The University of Toronto’s Faculty of Law is hosting the Black Future Lawyers conference this weekend – now an annual event that aims to provide attendees with the information they need to apply to, and succeed in, law school.
“We’ve received an overwhelmingly positive response from across U of T and the legal community at large,” says first-year law student Asha Gordon, an organizer of this year’s conference.
“Currently, 251 undergraduates have signed up to participate in BFL programming and 47 lawyers are volunteers.”
Inspired by the U of T Faculty of Medicine’s Black Student Application Program, BFL engages and supports prospective and current Black-identified law students and offers opportunities for BFL members to participate in special lectures and events, as well as mentorship and job shadowing opportunities.
“An essential part of the BFL initiative is creating a community of support and so we’ve added two new segments to this year’s conference,” says Gordon.
“Attendees will have access not only to application strategies, they’ll also have the opportunity to receive direct guidance on their legal career aspirations from Black lawyers and students at this year’s networking lunch and conference reception.”
Black Students’ Law Association President Rebecca Barclay Nguinambaye and Treasurer Joshua Lokko give opening remarks at the BFL launch event, Jan. 15. Both are co-founders of Black Future Lawyers and part of the organizing committee for this year’s conference (photo by Muna Khalil/View in Lens Photography)
Talks will include a keynote address on diversity in the legal profession by U of T law alumna Atrisha Lewis, an associate at McCarthy Tétrault and bencher for the Law Society of Ontario.
U of T Law Adjunct Professor Abdi Aidid, who is also vice-president of U of T startup Blue J Legal, will discuss how artificial intelligence is changing the law.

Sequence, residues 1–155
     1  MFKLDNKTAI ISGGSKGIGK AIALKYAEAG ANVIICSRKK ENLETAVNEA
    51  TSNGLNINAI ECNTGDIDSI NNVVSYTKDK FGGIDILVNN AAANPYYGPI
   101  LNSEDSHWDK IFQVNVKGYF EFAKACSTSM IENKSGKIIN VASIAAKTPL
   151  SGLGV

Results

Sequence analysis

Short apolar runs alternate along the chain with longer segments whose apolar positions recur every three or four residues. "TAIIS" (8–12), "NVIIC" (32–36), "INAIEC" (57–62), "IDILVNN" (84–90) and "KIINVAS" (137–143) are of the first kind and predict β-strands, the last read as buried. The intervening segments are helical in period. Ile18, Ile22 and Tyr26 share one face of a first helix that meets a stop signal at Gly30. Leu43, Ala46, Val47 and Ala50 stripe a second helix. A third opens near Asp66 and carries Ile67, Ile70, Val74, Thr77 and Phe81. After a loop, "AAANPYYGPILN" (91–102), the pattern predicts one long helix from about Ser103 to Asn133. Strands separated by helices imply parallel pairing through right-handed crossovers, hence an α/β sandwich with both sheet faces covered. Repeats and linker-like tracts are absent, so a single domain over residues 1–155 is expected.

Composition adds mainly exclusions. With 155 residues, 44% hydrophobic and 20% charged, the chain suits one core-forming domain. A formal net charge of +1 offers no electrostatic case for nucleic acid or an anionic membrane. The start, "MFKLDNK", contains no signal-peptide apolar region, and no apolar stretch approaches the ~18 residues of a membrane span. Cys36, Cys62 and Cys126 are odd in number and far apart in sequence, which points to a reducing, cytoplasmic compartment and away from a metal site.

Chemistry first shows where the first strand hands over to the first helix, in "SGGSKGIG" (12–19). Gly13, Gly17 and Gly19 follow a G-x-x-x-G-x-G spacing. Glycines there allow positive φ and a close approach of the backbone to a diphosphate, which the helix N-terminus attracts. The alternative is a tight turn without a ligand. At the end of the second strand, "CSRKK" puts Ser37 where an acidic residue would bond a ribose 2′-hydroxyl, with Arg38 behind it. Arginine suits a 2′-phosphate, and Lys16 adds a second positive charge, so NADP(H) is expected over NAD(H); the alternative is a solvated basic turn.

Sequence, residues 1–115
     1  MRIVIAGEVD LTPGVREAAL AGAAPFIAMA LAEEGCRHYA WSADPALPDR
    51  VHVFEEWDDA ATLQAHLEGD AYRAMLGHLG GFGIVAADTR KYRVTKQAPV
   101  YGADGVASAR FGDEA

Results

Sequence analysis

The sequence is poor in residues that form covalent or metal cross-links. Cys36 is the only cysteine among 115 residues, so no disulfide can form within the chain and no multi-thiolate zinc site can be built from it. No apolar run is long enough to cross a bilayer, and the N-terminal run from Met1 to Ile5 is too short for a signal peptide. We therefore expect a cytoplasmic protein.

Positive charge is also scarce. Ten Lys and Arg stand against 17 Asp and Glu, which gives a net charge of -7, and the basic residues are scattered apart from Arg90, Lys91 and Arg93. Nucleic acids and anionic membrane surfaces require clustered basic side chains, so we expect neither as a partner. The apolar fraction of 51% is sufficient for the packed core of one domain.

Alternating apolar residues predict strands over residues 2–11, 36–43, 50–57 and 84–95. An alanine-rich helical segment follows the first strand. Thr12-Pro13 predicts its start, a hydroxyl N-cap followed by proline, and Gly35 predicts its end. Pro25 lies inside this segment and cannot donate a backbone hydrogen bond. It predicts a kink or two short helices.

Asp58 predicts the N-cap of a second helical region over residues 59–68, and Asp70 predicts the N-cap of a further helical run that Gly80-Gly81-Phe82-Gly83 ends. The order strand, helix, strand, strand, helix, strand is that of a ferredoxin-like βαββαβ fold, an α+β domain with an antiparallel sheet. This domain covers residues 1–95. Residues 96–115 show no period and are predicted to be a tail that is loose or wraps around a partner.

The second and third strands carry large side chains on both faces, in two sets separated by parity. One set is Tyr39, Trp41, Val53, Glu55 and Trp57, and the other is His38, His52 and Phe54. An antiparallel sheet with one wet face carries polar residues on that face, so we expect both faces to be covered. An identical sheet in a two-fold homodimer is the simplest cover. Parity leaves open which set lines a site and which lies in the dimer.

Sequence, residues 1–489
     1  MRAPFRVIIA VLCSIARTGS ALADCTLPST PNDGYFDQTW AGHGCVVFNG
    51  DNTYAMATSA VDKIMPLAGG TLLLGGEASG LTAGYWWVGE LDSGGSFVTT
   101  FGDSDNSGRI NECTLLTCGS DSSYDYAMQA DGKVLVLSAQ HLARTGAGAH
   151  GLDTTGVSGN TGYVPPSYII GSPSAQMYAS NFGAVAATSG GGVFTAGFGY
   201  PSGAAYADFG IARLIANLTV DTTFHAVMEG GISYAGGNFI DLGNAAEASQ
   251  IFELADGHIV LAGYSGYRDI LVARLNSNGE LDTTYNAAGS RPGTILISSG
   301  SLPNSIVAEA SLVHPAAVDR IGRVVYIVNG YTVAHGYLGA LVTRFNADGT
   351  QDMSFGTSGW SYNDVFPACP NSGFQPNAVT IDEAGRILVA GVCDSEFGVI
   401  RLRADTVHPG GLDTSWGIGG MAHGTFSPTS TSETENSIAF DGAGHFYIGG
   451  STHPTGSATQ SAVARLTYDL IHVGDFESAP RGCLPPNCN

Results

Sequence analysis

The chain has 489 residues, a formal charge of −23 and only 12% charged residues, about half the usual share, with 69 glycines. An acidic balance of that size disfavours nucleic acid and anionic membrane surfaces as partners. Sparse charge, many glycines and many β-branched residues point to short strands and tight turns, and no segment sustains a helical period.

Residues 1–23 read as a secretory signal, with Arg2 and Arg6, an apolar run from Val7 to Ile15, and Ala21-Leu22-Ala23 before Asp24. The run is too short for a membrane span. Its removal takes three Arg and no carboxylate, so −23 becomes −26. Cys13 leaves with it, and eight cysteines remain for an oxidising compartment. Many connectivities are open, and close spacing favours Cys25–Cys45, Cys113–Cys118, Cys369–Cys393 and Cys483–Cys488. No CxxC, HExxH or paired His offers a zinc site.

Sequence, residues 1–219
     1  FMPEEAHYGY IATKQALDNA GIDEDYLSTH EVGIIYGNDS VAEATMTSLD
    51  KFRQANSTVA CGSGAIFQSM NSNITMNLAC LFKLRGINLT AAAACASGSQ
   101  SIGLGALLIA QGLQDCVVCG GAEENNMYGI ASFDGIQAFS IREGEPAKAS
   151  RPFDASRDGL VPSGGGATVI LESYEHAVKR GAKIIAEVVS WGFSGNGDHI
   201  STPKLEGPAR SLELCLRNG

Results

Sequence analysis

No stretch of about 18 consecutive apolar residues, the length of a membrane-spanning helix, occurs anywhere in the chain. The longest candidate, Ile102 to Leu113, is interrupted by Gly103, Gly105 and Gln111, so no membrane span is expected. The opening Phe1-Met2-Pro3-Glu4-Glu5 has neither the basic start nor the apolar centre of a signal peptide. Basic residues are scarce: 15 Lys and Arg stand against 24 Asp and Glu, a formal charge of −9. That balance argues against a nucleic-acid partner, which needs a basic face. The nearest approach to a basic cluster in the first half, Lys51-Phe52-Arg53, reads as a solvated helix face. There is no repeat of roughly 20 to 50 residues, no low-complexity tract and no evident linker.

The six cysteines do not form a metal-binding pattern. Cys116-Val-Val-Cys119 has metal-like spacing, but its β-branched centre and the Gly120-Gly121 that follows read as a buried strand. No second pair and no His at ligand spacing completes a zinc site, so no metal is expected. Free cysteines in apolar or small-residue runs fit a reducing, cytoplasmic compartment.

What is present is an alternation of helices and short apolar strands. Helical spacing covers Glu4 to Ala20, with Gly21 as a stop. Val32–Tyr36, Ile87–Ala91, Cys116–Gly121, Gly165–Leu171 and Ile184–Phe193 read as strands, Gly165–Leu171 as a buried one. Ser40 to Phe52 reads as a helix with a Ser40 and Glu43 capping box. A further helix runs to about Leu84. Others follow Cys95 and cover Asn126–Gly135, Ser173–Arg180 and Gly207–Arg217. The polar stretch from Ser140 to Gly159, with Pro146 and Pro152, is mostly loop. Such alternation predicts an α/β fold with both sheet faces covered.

The conference, which was first held in 2019 and is now an annual event, is supported in part by Toronto firms Blakes, Dentons and Torys LLP.
Linc Rogers, a partner at Blakes, feels programs such as BFL are critical to diversifying the legal profession and promoting inclusion.
“In my experience, pipeline initiatives are some of the most effective ways of inspiring interest, encouraging engagement and fostering long-term success,” says Rogers.
“They can be an effective means of demystifying the practice of law at an early stage, thus making it more accessible. This benefits not only students, but the profession itself.”
Attendees will get the chance to interact with U of T’s Black Law Students’ Association members – who took home the Small Chapter of the Year Award from the Black Law Students' Association of Canada earlier this month – at an “ask me anything” panel.
BFL mentor Konata Lake, a partner at Torys, says there’s a growing recognition that the legal community needs to focus on increasing representation from communities not traditionally seen in the legal profession.
“That’s how you get the best out of people,” he says. “If you can say you're valuable for who you are, you’re valuable for your perspective, your diversity – the experience becomes enriched.”